I’m not the kind of person you’d ever catch wearing golf shorts and gloves, pulling out my nine-iron to tee off on the 7th hole. My fast-moving, often scattered brain can’t imagine spending a Saturday afternoon this way; much less why anyone would sit at home and watch such a tedious thing on television. Early on a recent Sunday morning, I found myself entranced by a National Public Radio story about an unorthodox approach to playing this very traditional game. And, it wasn’t just the sleep deprivation or lack of coffee that pulled me in.
The story profiled Christopher Smith, a golf pro in Portland, Oregon. A number of years ago, Smith decided to combine his recreational running with golf – playing 18 holes in under an hour (rather than a more typical leisurely five-hour game.) That sounded like some golf I could get excited about!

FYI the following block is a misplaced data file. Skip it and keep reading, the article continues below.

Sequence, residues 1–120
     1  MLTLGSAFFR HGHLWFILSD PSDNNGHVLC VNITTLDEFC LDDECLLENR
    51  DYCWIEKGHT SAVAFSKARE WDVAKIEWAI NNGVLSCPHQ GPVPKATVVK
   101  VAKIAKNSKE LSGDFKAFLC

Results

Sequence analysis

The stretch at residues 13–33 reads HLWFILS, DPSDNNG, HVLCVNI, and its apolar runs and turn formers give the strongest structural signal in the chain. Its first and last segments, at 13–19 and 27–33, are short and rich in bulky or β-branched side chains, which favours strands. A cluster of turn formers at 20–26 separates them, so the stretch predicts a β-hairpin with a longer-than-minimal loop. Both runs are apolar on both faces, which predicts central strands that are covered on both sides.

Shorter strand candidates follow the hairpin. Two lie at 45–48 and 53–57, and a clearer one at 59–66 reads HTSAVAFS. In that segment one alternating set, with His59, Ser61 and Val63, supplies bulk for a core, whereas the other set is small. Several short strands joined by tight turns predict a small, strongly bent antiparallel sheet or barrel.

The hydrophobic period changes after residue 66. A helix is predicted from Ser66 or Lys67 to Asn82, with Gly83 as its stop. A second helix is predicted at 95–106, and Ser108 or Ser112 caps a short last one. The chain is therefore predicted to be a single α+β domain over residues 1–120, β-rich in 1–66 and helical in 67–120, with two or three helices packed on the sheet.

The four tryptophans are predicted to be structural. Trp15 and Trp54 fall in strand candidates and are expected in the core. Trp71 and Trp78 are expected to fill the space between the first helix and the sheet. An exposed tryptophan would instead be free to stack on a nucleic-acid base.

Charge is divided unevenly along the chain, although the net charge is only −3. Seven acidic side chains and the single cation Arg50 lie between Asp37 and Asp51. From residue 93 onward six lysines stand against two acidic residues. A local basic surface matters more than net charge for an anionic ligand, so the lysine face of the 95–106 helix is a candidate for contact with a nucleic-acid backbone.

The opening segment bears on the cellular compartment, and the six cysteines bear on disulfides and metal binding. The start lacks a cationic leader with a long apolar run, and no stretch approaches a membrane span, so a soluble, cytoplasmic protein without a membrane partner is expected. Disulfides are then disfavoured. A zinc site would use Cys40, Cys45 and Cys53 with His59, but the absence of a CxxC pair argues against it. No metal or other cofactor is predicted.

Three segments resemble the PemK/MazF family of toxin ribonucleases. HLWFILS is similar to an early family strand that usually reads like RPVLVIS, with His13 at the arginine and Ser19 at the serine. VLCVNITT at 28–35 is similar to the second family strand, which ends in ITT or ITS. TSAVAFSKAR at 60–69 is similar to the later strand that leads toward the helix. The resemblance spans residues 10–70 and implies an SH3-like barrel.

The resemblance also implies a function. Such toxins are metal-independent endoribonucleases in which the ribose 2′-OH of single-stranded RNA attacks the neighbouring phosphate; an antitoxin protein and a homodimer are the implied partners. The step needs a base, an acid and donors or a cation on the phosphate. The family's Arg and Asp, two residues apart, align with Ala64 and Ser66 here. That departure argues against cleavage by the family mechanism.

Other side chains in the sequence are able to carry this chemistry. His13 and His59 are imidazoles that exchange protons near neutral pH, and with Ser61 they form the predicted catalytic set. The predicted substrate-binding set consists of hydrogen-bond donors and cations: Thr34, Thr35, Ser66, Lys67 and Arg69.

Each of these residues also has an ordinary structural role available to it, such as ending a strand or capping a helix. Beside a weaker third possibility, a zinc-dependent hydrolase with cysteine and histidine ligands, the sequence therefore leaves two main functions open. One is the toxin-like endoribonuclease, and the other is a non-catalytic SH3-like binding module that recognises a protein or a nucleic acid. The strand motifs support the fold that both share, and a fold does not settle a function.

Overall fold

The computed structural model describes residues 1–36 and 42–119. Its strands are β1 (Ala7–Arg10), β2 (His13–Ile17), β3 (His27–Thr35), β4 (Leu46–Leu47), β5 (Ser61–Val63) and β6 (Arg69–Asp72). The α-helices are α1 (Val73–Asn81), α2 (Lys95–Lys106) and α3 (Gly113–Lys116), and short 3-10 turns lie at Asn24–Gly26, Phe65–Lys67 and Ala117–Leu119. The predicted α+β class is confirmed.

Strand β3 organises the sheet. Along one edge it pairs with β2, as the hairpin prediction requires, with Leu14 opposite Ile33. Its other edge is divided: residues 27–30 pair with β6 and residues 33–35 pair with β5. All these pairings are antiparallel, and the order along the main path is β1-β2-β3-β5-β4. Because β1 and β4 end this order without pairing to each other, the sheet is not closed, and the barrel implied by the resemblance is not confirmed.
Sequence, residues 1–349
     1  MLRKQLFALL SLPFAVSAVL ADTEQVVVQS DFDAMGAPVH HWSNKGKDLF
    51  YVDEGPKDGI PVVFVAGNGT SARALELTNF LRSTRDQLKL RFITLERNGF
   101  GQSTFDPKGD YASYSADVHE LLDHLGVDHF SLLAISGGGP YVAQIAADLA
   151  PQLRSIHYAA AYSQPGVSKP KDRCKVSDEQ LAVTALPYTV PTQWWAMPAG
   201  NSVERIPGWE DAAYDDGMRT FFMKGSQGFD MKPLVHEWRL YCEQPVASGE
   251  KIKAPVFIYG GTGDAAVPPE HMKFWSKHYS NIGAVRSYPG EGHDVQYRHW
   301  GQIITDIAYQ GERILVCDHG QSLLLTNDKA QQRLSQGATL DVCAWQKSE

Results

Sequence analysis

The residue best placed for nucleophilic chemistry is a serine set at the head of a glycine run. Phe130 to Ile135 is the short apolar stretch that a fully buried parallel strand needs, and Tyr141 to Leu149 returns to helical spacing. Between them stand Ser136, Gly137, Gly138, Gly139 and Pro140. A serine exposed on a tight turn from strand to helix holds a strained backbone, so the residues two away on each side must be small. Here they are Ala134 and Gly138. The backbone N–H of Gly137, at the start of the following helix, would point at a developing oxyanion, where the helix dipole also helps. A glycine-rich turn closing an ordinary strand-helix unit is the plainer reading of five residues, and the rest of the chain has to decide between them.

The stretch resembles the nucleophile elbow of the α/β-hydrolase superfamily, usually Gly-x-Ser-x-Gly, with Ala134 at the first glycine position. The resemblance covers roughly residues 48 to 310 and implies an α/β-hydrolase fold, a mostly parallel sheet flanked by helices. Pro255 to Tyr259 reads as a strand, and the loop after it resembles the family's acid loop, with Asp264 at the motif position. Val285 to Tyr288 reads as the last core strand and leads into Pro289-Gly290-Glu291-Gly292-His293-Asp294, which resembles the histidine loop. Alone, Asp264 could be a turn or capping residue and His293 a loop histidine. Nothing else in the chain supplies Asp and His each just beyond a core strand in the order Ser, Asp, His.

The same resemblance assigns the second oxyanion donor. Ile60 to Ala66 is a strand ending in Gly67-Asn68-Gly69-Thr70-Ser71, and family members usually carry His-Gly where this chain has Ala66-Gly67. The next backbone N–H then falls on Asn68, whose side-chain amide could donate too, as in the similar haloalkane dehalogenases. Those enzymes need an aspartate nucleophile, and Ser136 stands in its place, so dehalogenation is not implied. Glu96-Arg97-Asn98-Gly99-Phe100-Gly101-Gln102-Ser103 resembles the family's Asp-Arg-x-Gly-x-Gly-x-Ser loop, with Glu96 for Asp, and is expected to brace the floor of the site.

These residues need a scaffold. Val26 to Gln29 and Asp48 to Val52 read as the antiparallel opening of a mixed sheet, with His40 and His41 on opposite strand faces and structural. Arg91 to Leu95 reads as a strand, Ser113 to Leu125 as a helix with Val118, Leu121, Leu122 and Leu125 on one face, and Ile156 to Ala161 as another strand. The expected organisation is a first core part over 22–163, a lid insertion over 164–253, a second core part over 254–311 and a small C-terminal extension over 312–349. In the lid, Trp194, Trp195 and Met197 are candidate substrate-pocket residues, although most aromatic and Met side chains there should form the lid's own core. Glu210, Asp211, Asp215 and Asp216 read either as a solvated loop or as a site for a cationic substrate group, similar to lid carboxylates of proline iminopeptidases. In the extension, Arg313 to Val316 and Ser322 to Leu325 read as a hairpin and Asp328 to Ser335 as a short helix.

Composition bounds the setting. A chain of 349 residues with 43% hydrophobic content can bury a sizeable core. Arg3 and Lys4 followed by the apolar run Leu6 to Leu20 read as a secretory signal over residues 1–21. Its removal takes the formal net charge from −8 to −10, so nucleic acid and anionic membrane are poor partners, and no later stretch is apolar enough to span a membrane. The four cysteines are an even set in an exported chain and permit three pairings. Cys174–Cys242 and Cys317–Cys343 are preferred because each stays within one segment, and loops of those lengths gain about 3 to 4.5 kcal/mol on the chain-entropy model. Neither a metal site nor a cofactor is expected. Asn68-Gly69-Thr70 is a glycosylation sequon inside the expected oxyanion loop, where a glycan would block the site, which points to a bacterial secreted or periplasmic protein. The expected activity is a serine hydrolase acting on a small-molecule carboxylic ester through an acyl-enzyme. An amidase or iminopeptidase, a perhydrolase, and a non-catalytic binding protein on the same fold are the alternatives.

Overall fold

What he discovered was that he played better when he played faster. “We tend to get in our own way when we play golf over analyzing,” he says. “Really what … playing speed golf does is it forces you to play in more of a reactive, reactionary sort of way. You simply see the shot, and create it. That’s what we’re all trying to move toward, is being more present.”
Church, like golf, is steeped in tradition and tends to move very slowly. Just try to suggest a change, even a small one, and see how fast it gets implemented, if at all.
Could we benefit from thinking like a speed golfer? What if we just saw our shot and created it, rather than enduring endless discussions and planning? Would we more easily be able to adapt to changing preferences in worship? Could we more easily be present to the neighborhood and find immediate, impactful opportunities for service and ministry?
Do you have a story of when you saw your shot and created it? Or was there a situation in which you could have been more present and just acted rather than psych yourself out?